I use a metal yardstick for in the kettle. Then my demijohn (carboy, sorta) is marked off with lines. I filled that with measured amounts of water, then used a sharpie to mark it off. Then used clear packing tape to put over the marks so they don't get washed off. Then I know exactly what ends up in the demijohn, which also helps when it comes to bottling time.
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Old 10-22-2009, 11:59 AM   #7
SpanishCastleAle
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Jan 2009
Central Florida
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Quote:
I use a metal yardstick for in the kettle. Then my demijohn (carboy, sorta) is marked off with lines. I filled that with measured amounts of water, then used a sharpie to mark it off. Then used clear packing tape to put over the marks so they don't get washed off. Then I know exactly what ends up in the demijohn, which also helps when it comes to bottling time.
This is close to what I do. I have a 'calibrated' bamboo skewer to measure volume pre-boil and then I don't measure volume again until it's all in the carboy (which has been marked). Once you get a good feel for your boil-off rate you'll be within a pint or so everytime.

But I'm a bit over-cautious about letting things contact the wort/beer. Unless absolutely necessary I just don't do it. I don't stick a thermometer in it when cooling it...I just feel the side of the pot and when it feels right I move it to the carboy. I never even 'take' hydro samples...I can tell just by observation when it's ready to be racked and 'catch' a sample then. A side benefit is that it's just easier (or lazier depending on how you look at it ).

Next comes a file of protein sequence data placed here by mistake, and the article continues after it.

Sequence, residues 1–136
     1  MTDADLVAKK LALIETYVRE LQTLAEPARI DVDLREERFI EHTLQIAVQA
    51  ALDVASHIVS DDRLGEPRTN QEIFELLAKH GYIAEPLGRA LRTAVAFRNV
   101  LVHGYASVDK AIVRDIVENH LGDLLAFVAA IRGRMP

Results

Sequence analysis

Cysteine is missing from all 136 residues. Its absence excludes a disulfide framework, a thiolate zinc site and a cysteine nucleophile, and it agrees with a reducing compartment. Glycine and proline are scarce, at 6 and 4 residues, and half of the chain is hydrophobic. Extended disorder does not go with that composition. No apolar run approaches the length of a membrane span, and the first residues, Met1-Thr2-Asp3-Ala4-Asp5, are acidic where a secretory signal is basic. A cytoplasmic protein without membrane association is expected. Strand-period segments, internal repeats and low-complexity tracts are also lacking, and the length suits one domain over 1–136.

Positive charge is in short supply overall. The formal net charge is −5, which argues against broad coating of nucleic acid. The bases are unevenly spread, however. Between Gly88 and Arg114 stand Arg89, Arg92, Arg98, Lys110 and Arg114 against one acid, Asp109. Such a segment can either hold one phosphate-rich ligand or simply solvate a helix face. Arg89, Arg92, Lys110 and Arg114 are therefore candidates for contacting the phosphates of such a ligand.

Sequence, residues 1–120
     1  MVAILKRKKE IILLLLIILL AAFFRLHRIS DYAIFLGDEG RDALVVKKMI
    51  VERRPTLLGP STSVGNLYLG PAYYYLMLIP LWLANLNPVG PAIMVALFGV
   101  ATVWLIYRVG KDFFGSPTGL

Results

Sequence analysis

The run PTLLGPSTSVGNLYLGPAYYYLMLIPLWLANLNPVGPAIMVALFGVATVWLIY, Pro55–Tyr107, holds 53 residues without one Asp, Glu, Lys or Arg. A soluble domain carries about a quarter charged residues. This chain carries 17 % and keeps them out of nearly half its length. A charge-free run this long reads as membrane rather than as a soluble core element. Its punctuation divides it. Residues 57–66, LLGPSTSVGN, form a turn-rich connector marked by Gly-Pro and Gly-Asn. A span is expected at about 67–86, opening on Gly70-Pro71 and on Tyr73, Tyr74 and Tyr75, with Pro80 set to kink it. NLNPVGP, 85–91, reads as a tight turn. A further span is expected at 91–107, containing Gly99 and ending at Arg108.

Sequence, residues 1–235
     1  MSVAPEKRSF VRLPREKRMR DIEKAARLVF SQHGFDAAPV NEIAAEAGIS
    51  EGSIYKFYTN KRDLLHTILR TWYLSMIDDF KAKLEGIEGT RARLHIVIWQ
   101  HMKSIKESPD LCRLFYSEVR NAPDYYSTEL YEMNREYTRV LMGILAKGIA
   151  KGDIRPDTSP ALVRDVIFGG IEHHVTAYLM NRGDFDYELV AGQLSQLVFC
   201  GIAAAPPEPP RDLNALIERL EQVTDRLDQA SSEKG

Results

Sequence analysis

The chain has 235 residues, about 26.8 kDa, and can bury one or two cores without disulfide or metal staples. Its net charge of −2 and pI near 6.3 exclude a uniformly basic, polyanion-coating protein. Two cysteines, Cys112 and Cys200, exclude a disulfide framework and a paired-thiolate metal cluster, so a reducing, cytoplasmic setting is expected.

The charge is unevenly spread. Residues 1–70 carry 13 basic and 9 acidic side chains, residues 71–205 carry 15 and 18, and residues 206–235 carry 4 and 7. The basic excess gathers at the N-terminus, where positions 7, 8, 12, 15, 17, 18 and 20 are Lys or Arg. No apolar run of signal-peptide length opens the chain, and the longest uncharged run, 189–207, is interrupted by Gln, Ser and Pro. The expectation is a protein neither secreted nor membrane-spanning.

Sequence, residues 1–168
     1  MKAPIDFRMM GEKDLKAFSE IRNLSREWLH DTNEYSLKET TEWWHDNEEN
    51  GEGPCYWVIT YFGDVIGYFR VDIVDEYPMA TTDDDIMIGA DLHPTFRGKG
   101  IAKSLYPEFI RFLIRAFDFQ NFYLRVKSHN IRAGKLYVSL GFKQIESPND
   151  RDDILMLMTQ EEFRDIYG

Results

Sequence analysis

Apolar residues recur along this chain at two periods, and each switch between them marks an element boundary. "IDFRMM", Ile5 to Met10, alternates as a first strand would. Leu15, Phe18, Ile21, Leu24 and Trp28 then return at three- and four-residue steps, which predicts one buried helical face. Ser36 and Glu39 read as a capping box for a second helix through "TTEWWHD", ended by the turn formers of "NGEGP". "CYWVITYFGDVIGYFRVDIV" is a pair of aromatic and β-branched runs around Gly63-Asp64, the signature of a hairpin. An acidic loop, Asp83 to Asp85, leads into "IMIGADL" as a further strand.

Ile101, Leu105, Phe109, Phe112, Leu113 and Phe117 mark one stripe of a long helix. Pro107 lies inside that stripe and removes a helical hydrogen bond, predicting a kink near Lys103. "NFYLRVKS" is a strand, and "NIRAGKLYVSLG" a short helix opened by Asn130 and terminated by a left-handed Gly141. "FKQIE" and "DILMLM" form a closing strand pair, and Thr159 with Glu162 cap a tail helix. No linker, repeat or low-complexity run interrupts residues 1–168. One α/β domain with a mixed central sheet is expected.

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Old 10-22-2009, 12:05 PM   #8
JesseRC
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Oct 2008
San Antonio
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I use a plastic spoon with markings on it. Although, after flame out , there isnt a whole lot you can do anyway, so what are you measuring?
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Old 10-22-2009, 12:53 PM   #9

Quote:
Originally Posted by SpanishCastleAle View Post
This is close to what I do. I have a 'calibrated' bamboo skewer to measure volume pre-boil and then I don't measure volume again until it's all in the carboy (which has been marked). Once you get a good feel for your boil-off rate you'll be within a pint or so everytime.

But I'm a bit over-cautious about letting things contact the wort/beer. Unless absolutely necessary I just don't do it. I don't stick a thermometer in it when cooling it...I just feel the side of the pot and when it feels right I move it to the carboy. I never even 'take' hydro samples...I can tell just by observation when it's ready to be racked and 'catch' a sample then. A side benefit is that it's just easier (or lazier depending on how you look at it ).
Yeah, same here. I don't stick the measuring stick in there when the boil's done or anything. I figure I'm racking to the demijohn anyway, so just measure in the demijohn using those marks.
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Old 10-22-2009, 02:13 PM   #10
mattmcl
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I bought a 36" stainless steel mixing paddle, it was only $25 or so, and marked it with a Dremel. It works great for mixing up the mash too.